Young people from different faiths fold 2,500 lotus flowers for Vesak Day 

2,500 flowers were folded by 50 youths as a tribute to the number of years Buddhism has been estimated to be around.
2,500 flowers were folded by 50 youths as a tribute to the number of years Buddhism has been estimated to be around.ST PHOTO: LESTER HIO
2,500 flowers were folded by 50 youths as a tribute to the number of years Buddhism has been estimated to be around.
2,500 flowers were folded by 50 youths as a tribute to the number of years Buddhism has been estimated to be around.ST PHOTO: LESTER HIO

SINGAPORE - Some 50 youths from various faiths folded 2,500 lotus flowers at the Buddhist Fellowship East centre on Saturday morning (May 6), as part of a multi-religious effort to learn and understand more of the Buddhist faith ahead of Vesak Day on Wednesday. 

The youths are racial harmony ambassadors from the South East Community Development Council (CDC). They come from various neighbourhood and SAP schools, and a madrasah from the South East district.

They were joined by 30 senior citizens from Tembusu Senior Activity Centre and Shan You Counselling Centre. 

These lotus flowers, which contain personalised messages written by the youths, will be distributed to the public on Vesak Day. The number folded - 2,500 - is a tribute to the number of years Buddhism has been estimated to be around.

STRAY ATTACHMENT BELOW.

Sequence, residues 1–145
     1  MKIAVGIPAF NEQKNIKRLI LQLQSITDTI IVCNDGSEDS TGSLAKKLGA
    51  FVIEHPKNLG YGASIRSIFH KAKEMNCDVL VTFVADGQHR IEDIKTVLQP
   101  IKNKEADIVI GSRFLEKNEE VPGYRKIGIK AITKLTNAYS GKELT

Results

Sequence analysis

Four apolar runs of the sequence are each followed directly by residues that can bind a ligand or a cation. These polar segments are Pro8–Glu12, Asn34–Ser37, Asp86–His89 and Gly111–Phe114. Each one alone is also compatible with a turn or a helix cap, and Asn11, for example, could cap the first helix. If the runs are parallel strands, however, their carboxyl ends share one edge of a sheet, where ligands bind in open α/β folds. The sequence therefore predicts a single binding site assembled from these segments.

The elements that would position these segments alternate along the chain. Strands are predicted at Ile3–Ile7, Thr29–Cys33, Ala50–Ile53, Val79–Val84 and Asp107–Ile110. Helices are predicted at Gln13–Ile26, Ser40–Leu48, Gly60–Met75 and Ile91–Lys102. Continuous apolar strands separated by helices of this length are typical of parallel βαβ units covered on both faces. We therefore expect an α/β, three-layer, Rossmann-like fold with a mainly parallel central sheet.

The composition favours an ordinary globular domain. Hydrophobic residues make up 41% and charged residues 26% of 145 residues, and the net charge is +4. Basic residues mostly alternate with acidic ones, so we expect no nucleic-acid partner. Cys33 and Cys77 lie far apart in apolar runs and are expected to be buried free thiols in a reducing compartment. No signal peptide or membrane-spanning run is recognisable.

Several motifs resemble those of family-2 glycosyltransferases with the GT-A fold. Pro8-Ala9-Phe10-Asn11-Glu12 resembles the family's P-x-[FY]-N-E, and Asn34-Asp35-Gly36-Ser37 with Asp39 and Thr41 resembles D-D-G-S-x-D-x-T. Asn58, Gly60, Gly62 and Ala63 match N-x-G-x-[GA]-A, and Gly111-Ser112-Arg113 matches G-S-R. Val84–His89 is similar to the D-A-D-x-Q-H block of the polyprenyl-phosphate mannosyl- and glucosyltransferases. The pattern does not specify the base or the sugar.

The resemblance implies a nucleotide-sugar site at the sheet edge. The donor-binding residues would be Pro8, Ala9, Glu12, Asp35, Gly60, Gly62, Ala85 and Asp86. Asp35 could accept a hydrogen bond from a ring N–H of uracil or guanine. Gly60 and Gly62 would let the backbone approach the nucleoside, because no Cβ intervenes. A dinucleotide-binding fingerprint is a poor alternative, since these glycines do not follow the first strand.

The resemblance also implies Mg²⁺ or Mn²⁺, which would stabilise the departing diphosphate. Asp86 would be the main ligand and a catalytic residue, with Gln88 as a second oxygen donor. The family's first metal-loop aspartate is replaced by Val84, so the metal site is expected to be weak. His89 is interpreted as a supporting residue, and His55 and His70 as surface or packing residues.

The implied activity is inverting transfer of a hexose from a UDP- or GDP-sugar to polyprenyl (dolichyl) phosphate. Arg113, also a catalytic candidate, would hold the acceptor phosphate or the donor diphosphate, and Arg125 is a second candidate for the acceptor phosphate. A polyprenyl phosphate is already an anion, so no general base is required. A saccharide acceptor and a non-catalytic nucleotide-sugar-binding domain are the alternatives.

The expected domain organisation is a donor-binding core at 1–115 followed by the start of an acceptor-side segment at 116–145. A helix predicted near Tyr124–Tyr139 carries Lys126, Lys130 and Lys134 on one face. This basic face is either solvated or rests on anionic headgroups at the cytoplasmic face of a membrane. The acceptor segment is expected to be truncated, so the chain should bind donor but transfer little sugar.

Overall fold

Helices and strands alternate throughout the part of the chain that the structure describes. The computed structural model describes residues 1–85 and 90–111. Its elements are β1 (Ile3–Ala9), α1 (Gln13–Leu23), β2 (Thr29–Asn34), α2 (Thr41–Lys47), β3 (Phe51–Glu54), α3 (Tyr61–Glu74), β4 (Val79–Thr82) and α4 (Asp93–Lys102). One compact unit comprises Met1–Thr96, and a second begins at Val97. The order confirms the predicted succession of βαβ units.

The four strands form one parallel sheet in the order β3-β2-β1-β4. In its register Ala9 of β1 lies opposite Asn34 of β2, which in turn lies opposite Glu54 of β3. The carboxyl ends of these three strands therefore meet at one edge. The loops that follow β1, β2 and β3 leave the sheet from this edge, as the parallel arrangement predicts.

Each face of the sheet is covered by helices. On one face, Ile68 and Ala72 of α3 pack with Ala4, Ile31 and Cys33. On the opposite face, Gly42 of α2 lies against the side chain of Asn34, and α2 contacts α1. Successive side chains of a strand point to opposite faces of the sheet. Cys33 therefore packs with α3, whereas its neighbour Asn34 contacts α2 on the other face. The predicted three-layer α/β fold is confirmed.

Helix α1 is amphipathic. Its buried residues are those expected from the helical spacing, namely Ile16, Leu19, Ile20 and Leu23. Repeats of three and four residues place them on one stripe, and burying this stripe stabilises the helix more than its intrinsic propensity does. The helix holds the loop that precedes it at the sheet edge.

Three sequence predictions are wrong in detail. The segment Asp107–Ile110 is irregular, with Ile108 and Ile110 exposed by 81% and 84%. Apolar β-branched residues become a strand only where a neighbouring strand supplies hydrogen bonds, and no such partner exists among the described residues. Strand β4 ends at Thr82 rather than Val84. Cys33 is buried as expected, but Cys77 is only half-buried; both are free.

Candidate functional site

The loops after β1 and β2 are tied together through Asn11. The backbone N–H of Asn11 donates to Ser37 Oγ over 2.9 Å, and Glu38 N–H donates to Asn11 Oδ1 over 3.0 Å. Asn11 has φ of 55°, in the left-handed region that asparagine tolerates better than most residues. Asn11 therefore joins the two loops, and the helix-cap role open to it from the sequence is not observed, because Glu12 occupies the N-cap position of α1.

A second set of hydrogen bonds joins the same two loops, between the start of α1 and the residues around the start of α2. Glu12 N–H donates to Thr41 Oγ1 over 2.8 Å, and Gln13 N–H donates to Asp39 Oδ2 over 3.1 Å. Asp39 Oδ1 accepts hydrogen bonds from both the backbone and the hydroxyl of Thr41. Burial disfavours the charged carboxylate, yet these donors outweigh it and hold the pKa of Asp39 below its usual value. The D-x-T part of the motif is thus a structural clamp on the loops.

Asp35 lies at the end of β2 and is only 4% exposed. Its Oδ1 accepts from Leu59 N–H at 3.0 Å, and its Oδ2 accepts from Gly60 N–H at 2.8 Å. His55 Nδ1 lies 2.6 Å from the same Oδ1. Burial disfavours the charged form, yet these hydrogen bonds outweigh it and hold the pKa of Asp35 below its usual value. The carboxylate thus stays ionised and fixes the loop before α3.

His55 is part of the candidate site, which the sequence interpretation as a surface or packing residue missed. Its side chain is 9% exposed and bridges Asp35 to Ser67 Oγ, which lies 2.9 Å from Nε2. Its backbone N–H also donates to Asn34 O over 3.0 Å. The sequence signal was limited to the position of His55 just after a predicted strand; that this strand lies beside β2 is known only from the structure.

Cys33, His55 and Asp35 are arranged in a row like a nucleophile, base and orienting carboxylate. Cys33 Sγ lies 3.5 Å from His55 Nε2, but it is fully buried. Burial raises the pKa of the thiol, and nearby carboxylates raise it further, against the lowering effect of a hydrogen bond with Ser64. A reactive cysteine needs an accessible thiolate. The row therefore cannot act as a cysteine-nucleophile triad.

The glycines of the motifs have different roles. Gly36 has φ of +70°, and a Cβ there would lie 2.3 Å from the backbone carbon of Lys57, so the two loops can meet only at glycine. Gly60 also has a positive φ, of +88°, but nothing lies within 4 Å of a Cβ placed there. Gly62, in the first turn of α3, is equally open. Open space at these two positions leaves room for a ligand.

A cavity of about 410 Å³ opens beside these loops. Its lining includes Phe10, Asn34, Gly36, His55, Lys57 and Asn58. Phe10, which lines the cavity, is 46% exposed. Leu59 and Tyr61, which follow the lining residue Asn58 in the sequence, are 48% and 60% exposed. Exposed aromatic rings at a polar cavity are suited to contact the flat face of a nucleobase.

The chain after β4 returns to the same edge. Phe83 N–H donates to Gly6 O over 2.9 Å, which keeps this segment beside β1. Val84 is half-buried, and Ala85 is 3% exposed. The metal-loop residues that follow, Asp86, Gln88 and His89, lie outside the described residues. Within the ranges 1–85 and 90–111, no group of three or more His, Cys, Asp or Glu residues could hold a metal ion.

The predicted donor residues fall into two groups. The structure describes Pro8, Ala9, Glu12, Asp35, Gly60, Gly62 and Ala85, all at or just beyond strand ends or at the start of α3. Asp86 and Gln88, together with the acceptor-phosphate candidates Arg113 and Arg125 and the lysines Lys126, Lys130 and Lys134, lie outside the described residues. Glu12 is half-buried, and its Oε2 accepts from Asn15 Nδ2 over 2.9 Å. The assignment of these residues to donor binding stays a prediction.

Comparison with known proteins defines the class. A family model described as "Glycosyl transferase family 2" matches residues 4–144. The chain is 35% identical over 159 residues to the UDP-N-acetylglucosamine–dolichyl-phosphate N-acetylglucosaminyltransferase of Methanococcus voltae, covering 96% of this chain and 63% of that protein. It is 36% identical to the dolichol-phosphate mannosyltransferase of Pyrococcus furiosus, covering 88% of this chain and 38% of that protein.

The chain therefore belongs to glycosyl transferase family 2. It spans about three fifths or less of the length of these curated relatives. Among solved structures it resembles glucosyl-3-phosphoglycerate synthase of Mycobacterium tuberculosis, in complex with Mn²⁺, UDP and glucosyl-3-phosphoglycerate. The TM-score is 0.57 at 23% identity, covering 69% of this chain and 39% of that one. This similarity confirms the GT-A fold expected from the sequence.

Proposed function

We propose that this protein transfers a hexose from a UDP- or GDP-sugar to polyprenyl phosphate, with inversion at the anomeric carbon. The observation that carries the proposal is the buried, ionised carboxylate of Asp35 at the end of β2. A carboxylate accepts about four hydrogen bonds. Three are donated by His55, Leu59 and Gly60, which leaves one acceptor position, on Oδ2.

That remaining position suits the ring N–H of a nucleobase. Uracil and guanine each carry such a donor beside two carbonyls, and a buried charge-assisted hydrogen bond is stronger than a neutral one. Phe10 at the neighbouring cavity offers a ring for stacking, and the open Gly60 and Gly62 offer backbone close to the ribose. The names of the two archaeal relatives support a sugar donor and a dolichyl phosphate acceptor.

Participant Zakiyyah Marzouq, 19, said this was her first time folding a lotus flower, which she learnt stood for purity within the Buddhist faith. 

"I signed up for this because I wanted the exposure to different religions here in Singapore, and to know more about Buddhism. I used to know of it as just one of the religions in Singapore, but not how it was practised or what it stands for," said the pre-university student from the Madrasah Al Ma'arif Al Islamiah.

South East district mayor Dr Mohamad Maliki Osman, who joined the participants in the folding of the lotus flower, said: "One of the unique features of Singapore is the diversity of cultures we are exposed to. It is reassuring to see the youths embracing our rich heritage and making an effort to understand and appreciate anothers' beliefs and practices."

This is the third instalment of the South East CDC's racial harmony programme, which aims to build greater awareness and appreciation of racial and social harmony.

Previous events include volunteers learning about Ramadan and fasting an entire day, and visiting the Sri Senpaga Vinayagar Temple in Ceylon Road to understand the rituals and practices associated with Deepavali.